America Lacks "A Conversation of Civil Democracy," Opines Prof. Jeff McCall
June 13, 2017
"The public sphere has become awash in outrageous, hostile and inflammatory messages," observes Jeffrey M. McCall, professor of communication at DePauw University. "A late night comic thinks it is funny to make a vulgar rant against the president. Another comedian poses with what is supposed to be the president’s severed head. A cable news host refers to the president as a piece of excrement. Heck, even Mr. Met the baseball mascot made an obscene gesture at fans recently. The list goes on."
In a newspaper column, McCall continues, "President Trump, for his part, has engaged in inflammatory rhetoric over the years, continued the practice on the campaign trail, and remains a rhetorical agitator today in rallies and on social media. Trump’s political foes have responded with their own rhetorical outbursts of four-letter expletives and cheap shots."
Dr. McCall, author of Viewer Discretion Advised: Taking Control of Mass Media Influences, adds, "The nation’s cultural 'leaders,' both in politics and media, have provided little actual leadership when it comes to guiding a conversation of civil democracy. It is little wonder the nation is polarized. Divisive messages lead to a divided citizenry. Angry and emotional messages destroy the opportunity for reasoned debate and analysis."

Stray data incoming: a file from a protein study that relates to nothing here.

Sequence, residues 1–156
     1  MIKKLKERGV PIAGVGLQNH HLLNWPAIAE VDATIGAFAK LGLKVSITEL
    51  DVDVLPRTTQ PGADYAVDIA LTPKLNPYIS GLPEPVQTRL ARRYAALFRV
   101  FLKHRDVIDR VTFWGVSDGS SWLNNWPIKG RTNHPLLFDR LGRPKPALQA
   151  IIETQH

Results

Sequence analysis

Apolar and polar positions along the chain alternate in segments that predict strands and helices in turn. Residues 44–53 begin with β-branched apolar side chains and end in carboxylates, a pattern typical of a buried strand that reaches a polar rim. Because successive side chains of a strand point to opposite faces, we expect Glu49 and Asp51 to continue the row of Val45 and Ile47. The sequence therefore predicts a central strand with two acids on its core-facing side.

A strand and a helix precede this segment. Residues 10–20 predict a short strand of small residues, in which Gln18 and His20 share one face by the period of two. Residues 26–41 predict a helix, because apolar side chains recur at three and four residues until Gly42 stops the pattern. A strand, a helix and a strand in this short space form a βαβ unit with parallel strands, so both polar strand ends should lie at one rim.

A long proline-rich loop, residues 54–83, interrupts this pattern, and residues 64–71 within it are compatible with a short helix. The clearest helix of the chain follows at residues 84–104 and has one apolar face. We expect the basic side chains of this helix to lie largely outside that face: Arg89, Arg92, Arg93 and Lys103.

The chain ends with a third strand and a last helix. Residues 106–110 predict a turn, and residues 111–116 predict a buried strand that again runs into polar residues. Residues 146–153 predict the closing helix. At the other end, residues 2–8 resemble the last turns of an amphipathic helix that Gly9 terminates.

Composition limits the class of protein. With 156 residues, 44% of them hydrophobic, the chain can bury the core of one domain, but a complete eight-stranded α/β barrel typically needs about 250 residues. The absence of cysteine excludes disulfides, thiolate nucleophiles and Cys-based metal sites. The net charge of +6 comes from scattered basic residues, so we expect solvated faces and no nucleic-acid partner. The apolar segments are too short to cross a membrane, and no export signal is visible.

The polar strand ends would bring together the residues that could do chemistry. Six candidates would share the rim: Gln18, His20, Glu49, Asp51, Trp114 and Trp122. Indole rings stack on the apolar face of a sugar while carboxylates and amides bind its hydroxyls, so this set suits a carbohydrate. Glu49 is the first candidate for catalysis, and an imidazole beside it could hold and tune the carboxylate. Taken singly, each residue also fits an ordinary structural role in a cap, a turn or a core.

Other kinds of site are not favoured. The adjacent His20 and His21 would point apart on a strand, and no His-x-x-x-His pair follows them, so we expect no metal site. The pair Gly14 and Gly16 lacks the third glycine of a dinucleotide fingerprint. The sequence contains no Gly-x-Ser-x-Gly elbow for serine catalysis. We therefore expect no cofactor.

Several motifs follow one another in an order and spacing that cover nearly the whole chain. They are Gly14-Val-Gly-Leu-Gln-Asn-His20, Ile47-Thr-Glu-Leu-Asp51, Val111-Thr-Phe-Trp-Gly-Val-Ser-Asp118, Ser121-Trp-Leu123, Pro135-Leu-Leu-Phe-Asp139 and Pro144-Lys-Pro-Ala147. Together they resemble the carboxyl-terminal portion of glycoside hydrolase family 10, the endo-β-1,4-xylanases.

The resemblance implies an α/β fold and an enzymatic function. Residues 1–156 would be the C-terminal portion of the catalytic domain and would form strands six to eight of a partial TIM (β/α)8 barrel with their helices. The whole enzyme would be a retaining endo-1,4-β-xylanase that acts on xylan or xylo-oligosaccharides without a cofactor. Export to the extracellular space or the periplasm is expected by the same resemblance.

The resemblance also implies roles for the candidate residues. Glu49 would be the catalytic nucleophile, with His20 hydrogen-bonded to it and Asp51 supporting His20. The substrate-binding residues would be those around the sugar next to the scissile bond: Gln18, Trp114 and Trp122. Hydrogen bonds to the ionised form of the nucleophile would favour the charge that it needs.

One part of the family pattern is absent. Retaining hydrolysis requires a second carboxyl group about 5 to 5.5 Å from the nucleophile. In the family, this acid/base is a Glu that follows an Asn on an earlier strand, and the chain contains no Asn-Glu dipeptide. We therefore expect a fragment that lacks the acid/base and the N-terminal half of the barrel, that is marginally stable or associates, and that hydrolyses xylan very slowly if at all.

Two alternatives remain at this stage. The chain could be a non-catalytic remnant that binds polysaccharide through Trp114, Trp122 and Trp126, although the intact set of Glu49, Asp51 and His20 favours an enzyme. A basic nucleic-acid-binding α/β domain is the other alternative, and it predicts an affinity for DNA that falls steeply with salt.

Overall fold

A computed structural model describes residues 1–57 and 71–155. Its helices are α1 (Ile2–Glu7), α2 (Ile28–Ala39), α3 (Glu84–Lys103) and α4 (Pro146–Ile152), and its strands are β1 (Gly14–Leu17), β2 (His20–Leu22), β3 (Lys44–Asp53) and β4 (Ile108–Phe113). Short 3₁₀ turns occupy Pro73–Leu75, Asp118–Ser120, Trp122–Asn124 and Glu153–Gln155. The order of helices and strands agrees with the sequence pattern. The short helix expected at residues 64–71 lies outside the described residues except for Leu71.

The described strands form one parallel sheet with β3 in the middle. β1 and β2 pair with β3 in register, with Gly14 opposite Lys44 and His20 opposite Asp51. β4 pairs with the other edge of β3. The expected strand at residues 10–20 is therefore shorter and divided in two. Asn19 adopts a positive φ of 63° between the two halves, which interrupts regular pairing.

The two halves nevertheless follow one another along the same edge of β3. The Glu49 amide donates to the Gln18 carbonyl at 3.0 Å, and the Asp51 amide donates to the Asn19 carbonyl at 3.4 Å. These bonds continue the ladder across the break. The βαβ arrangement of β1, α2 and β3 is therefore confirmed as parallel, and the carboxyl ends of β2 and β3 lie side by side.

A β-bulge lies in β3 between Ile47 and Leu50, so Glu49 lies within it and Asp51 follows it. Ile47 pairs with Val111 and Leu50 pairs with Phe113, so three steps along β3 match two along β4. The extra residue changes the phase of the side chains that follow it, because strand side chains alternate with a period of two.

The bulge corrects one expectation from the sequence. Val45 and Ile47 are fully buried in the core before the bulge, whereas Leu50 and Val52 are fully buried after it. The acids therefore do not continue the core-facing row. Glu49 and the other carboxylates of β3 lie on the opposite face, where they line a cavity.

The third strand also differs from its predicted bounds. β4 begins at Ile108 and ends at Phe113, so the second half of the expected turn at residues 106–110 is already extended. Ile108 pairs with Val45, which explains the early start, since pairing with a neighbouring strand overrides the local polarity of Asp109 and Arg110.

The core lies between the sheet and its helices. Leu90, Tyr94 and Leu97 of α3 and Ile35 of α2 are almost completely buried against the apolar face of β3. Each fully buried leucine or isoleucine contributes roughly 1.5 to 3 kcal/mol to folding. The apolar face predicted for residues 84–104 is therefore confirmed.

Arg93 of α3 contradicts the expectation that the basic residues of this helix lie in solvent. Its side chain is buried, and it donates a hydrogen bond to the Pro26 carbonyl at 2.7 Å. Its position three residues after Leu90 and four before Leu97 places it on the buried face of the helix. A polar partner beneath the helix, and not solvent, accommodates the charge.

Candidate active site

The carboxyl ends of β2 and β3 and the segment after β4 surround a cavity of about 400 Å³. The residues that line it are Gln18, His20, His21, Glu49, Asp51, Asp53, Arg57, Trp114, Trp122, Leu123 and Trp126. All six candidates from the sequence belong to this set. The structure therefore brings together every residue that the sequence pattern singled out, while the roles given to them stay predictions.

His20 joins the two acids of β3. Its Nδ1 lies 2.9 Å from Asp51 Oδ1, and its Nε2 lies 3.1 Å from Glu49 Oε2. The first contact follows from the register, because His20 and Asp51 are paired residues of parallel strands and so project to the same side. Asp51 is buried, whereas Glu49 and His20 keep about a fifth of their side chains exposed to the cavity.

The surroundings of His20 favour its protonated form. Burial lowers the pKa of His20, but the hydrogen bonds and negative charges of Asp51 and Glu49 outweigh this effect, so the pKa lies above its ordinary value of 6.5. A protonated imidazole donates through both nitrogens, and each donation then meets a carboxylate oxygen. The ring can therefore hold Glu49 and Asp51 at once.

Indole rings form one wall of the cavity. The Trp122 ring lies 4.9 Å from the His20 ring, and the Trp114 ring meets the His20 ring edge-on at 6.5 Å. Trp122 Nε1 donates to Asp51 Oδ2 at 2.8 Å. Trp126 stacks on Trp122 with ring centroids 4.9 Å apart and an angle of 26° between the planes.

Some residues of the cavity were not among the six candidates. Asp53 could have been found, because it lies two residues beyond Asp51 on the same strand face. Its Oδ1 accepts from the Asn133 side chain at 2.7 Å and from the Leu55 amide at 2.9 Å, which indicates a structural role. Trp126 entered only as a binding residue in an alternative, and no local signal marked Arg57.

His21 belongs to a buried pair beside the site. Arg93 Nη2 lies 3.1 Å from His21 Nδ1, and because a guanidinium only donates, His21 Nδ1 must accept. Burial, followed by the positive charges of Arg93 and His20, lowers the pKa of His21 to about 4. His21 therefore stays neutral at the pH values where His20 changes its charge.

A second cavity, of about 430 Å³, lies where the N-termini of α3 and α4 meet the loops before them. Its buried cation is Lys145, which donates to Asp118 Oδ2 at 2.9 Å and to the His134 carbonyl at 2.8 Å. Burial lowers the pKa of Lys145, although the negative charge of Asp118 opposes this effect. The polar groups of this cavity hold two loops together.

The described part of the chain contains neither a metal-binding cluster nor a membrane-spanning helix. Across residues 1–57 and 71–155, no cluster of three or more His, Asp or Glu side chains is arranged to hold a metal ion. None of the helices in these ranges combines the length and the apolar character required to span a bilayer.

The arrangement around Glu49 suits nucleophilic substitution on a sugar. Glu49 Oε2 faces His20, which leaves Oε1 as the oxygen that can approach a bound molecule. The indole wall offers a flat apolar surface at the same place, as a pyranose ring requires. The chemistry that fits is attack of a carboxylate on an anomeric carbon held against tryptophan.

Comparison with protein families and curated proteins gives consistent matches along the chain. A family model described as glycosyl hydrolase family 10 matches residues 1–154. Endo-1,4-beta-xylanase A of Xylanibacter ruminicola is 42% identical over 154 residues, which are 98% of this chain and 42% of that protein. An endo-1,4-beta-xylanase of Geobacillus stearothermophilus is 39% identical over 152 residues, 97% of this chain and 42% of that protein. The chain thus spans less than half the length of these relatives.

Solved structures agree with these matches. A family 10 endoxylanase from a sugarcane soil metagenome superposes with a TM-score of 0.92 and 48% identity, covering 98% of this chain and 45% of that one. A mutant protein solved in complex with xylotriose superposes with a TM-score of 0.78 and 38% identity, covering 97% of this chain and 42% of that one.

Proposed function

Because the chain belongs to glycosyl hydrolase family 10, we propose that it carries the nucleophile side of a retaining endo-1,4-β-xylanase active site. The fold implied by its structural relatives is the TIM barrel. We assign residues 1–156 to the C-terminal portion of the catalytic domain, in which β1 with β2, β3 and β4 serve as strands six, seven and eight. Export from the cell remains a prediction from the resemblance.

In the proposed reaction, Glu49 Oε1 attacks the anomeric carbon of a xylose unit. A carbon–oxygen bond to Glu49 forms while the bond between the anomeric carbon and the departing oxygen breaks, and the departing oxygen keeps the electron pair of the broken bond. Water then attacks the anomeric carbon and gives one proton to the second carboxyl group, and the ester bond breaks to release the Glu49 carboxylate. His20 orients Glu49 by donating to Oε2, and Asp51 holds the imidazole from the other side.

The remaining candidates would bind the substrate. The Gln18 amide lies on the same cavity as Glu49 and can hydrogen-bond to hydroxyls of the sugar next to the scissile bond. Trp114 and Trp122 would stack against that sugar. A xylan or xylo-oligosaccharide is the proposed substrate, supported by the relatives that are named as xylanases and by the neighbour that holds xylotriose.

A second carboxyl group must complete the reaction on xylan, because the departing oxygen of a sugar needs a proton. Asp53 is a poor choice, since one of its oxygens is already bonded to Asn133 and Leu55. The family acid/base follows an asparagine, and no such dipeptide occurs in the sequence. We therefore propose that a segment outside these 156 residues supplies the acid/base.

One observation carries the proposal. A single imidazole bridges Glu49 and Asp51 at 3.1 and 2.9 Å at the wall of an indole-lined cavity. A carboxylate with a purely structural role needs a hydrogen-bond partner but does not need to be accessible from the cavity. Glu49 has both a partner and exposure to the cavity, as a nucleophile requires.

Social media, where individuals can communicate whatever they want, sometimes in free-for-all fashion, bear part of the blame. But the professor opines, "More traditional broadcast and print media have abandoned traditional filters of judgment. Producers and editors obsess over and hype the harshest outbursts from cultural agitators and largely ignore more reasoned voices. Feeding frenzies provide cheap ratings surges and boost hits on media websites, which seemingly is all that matters to big media."
A former journalist himself, McCall states, "Some analysts simply chalk up this communication chaos to the price of living in a First Amendment-protected society. That’s a simple but incorrect analysis. Sure, the First Amendment allows for worthless and harebrained communication, but the issue here is rhetorical self-control that allows for a society to rationally engage sociopolitical issues."
McCall concludes, "It is ultimately up to the citizenry to denounce messages and messengers who serve the self-interests and egos of the bombastic The time is now for such messengers to emerge."
The column is appearing in newspapers across the nation, including Indiana's Kokomo Tribune.
Jeff McCall is a 1976 graduate of DePauw, where he majored in communication and worked on student radio station WGRE. The media studies professor has been called upon for comment by more than 100 newspapers, and was cited last week by The Hill and was quoted May 24 by the Washington Post.
Source: Kokomo (Ind.) TribuneBack